LXXV. Germany shortens her Western Line (16th November 1916-5th April 1917)

The new Hindenburg Positions—Nivelle departs from Joffre's Policy—Haig's Difficulties—The final Arrangements—The British capture Serre—Beginning of German Retreat—The New Line and its Pivots.

LXXVI. The Battle of Arras (4th April-6th June 1917)

The Arras Neighborhood—Haig's Problem and Dispositions—The Attack of Easter Monday—Difficulties of Weather—Fighting on the Scarpe and at Bullecourt— Summary of Battle.

LXXVII. The Second Battle of the Aisne (16th December 1916-2nd June 1917)

Nivelle's new Strategy—Attitude of new French Cabinet—The Heights of the Aisne—Defects in French Plan—The Attack begins—The Moronvillers Fighting—Pétain succeeds Nivelle—Foch Chief of General Staff—Last Days of the Battle—The French Mutinies.

LXXVIII. Mesopotamia, Syria, and the Balkans (9th January-25th June 1917)

Maude advances north of Bagdad—Escape of Turkish 13th Corps—Capture of Samara—Falkenhayn sent to Turkey—The First and Second Battles of Gaza—Allenby succeeds Murray—Sarrail's abortive Spring Offensive—King Constantine abdicates, and Venizelos becomes Prime Minister.

LXXIX. The Russian Revolution (16th March-23rd July 1917)

The Weakness of Russia—The Origin of Bolshevism— Lenin, and Others—The Soviet Principle—Progress of the Provisional Government—The last Russian Offensive—Brussilov's initial Success—The Debacle.

LXXX. The Italian Front in the Summer of 1917 (12th May-18th September 1917)

The Capture of Monte Kuk and Monte Santo—The Fight for Hermida—The Bainsizza Plateau won—The Struggle for San Gabriele—Cadorna closes his Offensive.

LXXXI. The Third Year of War: the Change in the Strategic Position (28th June, 1916-28th June 1917)

The "Mathematical Certainty" of 1917—The New Factor — Tactical Developments — Landing of first American Troops—The Year at Sea—Gravity of Submarine Peril—America sends Destroyers—Revision of War Aims—Economic Position of the Belligerents—A New Europe.

LXXXII. The Third Battle of Ypres (1st June-10th November 1917)

Haig's Flanders Policy—Sir Herbert Plumer—Battle of Messines—The Preliminaries of Third Ypres—The "Pillboxes"—The Attack of 31st July—The Weather—The Attack of 16th August—The September and October Actions—Capture of Passchendaele—Summary of Battle.


  • Marshal Ferdinand Foch
  • British Battleships in Action at Battle of Jutland (About 6:30 p.m., May 31, 1916)
    From a painting by Robert H. Smith
  • The Old German Front Line, 1916
    From a painting by Charles Sims, R.A.
  • A Street in Arras
    From a painting by John S. Sargent, R.A.
  • Admiral William Sowden Sims


  1. Battle of Jutland : the Area of Operations
  2. Battle of Jutland : Operations of Battle-Cruiser Fleet
  3. Battle of Jutland : Operations of Battle Fleet
  4. The Austrian Attack in the Trentino
  5. Brussilov’s Advance in Galicia
  6. The Battle of Verdun—Second Stage
  7. Racial Map of Rumania and Neighboring States
  8. The Battle of the Somme
  9. The Rumanian Campaign
  10. The Salonika Front
  11. The French Advance at Verdun
  12. The Fall of Bagdad
  13. The New Front in the West
  14. The Battle of Arras
  15. The Second Battle of the Aisne
  16. Operations North of Bagdad
  17. The Palestine Front
  18. The Isonzo and Carso Fronts
  19. The Third Battle of Ypres

Review of History of the Great War

History, they say, can be seen only through the long telescope of years. Yet we must reckon with Thucydides thrilled by the memory of events which he had seen, as well as with the chronicler of Rome re-creating by force of intellect the glory of empire out of its dust.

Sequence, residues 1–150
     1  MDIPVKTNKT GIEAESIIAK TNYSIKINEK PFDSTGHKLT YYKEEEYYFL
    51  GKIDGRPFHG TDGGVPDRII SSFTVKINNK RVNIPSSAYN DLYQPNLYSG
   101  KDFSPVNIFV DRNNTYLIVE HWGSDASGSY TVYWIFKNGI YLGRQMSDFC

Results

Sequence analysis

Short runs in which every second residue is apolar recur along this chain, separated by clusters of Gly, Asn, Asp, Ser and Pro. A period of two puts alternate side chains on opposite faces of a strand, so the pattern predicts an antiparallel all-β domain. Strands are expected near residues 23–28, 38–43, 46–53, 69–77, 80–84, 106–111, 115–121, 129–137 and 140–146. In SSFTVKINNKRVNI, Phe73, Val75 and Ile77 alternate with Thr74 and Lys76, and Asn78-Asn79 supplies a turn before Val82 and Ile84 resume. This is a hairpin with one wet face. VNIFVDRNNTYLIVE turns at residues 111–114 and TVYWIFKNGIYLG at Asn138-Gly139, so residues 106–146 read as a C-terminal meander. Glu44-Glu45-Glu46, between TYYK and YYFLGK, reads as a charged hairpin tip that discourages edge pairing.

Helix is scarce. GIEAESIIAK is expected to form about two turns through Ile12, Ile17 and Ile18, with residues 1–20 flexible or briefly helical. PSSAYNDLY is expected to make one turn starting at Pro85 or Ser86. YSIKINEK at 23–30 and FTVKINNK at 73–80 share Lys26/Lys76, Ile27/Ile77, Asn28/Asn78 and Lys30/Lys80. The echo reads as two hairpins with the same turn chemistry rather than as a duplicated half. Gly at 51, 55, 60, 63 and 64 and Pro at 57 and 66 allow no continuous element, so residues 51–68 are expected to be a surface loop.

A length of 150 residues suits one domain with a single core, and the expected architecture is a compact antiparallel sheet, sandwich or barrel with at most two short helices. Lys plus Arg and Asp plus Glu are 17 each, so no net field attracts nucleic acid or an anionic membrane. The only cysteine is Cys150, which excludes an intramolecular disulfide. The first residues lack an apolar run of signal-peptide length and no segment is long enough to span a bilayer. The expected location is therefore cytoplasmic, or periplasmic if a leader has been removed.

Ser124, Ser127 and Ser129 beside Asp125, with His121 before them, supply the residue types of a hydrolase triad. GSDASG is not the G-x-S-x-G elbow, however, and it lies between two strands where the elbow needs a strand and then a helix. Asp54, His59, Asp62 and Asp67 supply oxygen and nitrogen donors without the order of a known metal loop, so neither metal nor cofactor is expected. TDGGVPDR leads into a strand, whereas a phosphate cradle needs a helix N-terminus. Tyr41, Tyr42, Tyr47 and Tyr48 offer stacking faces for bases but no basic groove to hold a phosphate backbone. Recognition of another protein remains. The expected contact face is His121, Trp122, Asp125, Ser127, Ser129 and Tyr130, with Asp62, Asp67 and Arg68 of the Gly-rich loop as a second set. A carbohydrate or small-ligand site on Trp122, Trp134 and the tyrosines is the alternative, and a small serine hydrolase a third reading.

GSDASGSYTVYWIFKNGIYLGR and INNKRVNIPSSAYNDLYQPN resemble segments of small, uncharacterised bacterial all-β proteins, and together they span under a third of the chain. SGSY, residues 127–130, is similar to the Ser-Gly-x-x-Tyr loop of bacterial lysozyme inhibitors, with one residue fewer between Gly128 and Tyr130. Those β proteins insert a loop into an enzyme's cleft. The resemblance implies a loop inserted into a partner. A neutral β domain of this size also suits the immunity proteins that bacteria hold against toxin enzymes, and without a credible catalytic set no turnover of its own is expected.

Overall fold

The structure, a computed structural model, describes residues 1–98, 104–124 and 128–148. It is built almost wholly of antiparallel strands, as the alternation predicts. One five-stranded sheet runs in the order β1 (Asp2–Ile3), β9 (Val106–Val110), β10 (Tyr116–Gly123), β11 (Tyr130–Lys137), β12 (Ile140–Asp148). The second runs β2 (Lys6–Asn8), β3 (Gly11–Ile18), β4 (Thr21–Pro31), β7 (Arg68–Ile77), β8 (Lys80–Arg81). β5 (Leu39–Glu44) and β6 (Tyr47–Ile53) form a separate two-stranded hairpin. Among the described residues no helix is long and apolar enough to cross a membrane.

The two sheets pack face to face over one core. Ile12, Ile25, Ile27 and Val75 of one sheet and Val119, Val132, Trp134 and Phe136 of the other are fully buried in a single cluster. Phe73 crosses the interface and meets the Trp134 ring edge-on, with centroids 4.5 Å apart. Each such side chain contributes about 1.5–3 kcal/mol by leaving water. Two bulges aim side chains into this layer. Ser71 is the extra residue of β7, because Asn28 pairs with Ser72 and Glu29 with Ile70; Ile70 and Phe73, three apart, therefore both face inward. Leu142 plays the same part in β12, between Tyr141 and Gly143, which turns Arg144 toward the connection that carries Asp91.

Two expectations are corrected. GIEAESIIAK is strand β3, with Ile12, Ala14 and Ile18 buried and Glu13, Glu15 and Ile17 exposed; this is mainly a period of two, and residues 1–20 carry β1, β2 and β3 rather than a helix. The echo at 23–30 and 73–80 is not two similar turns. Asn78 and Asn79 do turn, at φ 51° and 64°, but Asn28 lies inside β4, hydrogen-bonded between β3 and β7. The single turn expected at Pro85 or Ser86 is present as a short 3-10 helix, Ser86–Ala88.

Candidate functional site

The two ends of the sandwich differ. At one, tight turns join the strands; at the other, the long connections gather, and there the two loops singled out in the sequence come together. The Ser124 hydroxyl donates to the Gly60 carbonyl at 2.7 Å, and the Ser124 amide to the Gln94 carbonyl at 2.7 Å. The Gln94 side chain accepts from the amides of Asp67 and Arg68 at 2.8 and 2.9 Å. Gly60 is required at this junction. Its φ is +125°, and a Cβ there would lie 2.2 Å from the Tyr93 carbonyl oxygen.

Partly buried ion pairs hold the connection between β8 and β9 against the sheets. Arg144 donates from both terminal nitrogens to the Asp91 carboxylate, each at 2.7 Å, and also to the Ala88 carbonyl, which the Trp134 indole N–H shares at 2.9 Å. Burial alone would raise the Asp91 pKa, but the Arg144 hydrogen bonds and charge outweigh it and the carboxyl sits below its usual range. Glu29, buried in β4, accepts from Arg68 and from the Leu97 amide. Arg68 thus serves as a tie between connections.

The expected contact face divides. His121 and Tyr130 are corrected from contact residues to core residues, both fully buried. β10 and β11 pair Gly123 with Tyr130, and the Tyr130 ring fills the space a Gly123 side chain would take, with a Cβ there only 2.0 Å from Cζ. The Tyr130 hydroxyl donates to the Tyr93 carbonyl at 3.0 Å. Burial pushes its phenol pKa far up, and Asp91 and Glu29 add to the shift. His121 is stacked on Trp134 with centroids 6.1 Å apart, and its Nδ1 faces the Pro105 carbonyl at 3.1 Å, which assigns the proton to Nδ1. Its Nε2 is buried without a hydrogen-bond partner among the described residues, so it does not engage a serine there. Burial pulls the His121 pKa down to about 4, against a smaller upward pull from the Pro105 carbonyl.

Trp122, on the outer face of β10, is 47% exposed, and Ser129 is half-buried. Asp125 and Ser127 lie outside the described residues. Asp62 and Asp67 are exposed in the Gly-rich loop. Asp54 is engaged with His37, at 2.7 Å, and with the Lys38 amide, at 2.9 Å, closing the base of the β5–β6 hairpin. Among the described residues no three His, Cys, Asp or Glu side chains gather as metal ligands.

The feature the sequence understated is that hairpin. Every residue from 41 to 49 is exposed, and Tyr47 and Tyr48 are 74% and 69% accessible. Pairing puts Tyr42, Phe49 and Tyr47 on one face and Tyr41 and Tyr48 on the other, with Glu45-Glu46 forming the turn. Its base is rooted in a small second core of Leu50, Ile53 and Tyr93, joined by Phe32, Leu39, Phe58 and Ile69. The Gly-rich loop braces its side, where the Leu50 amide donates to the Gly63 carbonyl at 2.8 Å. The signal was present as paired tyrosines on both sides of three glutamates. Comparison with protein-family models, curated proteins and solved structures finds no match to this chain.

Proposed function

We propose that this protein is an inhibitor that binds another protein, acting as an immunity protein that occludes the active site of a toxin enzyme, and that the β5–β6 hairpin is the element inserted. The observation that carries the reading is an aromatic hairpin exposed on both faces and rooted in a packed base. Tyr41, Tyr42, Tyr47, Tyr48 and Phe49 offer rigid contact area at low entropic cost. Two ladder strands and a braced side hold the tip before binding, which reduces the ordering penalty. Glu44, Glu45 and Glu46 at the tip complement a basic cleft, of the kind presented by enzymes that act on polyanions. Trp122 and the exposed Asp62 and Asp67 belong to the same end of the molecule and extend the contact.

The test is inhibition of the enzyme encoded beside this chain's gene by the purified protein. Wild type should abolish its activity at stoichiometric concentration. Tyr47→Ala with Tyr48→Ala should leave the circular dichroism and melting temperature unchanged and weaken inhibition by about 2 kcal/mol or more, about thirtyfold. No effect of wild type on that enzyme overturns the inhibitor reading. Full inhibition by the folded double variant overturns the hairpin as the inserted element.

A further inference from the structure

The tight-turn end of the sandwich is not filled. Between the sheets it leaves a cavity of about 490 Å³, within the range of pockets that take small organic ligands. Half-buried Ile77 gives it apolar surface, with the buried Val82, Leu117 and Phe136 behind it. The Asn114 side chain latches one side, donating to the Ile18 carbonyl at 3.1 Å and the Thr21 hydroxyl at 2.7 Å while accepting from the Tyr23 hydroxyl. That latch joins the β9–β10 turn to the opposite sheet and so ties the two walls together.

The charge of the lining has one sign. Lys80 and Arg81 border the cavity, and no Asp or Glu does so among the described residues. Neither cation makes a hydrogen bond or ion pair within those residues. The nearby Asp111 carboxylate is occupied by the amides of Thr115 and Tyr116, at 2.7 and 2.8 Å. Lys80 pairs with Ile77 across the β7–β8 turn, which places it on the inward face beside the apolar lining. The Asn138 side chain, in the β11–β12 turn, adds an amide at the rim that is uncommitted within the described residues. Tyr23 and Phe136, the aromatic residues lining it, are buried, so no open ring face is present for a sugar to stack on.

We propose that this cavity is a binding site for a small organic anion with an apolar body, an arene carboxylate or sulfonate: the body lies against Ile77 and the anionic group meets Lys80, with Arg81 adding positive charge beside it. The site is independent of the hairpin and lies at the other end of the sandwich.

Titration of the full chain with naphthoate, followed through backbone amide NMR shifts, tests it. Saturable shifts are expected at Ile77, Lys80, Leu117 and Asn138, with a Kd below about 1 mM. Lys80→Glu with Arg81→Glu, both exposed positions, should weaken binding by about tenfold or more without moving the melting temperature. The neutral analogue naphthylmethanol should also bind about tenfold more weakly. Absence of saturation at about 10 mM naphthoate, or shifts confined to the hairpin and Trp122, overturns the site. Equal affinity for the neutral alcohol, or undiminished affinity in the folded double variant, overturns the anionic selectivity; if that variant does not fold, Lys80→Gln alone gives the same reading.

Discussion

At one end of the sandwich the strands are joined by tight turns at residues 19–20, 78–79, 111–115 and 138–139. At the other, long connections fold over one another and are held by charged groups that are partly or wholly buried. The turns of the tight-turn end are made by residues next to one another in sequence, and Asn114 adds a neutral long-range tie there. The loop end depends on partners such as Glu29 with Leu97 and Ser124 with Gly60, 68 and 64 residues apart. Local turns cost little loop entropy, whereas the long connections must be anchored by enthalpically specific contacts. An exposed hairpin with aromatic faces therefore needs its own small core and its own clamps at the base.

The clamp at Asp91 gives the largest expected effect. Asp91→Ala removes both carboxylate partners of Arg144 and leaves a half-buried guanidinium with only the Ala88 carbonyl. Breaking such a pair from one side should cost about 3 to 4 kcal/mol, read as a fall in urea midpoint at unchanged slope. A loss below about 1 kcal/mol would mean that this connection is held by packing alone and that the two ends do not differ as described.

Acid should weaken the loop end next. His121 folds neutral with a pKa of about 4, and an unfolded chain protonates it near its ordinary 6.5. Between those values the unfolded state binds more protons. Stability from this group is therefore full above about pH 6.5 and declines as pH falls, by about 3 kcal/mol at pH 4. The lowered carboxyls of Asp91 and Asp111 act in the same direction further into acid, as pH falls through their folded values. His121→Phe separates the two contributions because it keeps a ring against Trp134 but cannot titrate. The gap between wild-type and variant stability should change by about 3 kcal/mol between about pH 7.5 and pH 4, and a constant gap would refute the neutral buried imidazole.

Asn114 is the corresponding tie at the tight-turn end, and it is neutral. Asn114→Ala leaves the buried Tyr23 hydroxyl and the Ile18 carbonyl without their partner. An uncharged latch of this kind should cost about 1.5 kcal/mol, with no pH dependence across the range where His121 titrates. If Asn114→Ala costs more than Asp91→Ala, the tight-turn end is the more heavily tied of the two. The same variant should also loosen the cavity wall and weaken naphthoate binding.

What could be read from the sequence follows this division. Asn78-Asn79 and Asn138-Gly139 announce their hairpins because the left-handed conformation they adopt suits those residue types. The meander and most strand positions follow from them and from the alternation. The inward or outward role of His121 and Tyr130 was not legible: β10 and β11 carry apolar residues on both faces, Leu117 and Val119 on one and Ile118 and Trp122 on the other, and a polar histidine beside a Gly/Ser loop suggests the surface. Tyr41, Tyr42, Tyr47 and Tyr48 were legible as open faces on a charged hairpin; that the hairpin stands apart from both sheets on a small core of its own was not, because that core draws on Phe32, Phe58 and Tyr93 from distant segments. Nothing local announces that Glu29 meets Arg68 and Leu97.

The theory, then, does not always hold. Something there is in a story of remarkable things by one who has felt their tremor and exaltation, their terror and despair, which the measured historian of after years cannot recapture.

Therefore, one may think that such admirable an example of contemporary (or almost contemporary) narrative as that of Colonel Buchan’s History of the Great War can have a permanent value.

Many characteristics of permanent work it certainly has — beautiful transparency of language, clarity in the untangling of complexities, comprehension, sense of proportion, a dignified but rapid style; while in the high qualities of imagination, feeling, and the sensitive appreciation of the grandeur of the times they chronicle, his solid volumes merit — we would look except only Mr. Masefield's austere story of Gallipoli — the top place among the chronicles of the Great War.

And what a task Colonel Buchan set himself — the outline story of the real struggle. The soldiers are of course in the forefront of his picture; but behind them are the statesmen, their leaders in every country, etched in outline sharp as that which defines the generals; and behind the politicians and the soldiers the vast buck- ground of a world — almost a whole world — at war.

Simply as a problem in narration, the task was superlatively difficult. The author must skip from the Aisne to Archangel, from Tsingtau to ‘German East,’ forever leaving his story at an exciting crisis (like Walter Scott) to take up a straggling thread in the snarled skein.

Colonel Buchan is temperate in his judgments and fair beyond the reach of most men who have friends and enemies to write of.

Tommy Atkins is his hero, but poilu and 'Yank' have a warm place in his affections, while of the tenacity, the courage, and the resiliency of the Germans he speaks, if not as a Christian, at least as a historian.

Even the Russians, whose terrible misfortunes have brought upon them the world's, recall their vast and necessary contribution to the final victory.

On vexed questions, Colonel Buchan is discreet. He emphasizes the western front but does not skimp the 'side-shows.' He upholds the soldier but vents no abuse on the politicians while to the war's scapegoats. Nivelle, Cadorna, Gough, and their mates, offer not immunity but justice.

One should say a word of appreciation for the maps, which in every campaign are almost as serviceable to the reader as to general staff.

Indeed a book to read, to ponder, and to be thankful for. How shallow and empty if the spirit seeking happier things will not dwell on those four years into which centuries seemed crammed.

Ellery Sedgwick. (Atlantic Monthly, Vol. 131, p. 8)

A History of the Great War, with Introduction by Major-General J. G. Harbord, U. S. A., by John Buchan. Boston, New York, Chicago, and San Francisco: Houghton Mifflin Co. 1922. Four volumes. 8vo. xxxii+551, x+578, xii+603, iv+536 pp. Illustrated. Per volume $5.00.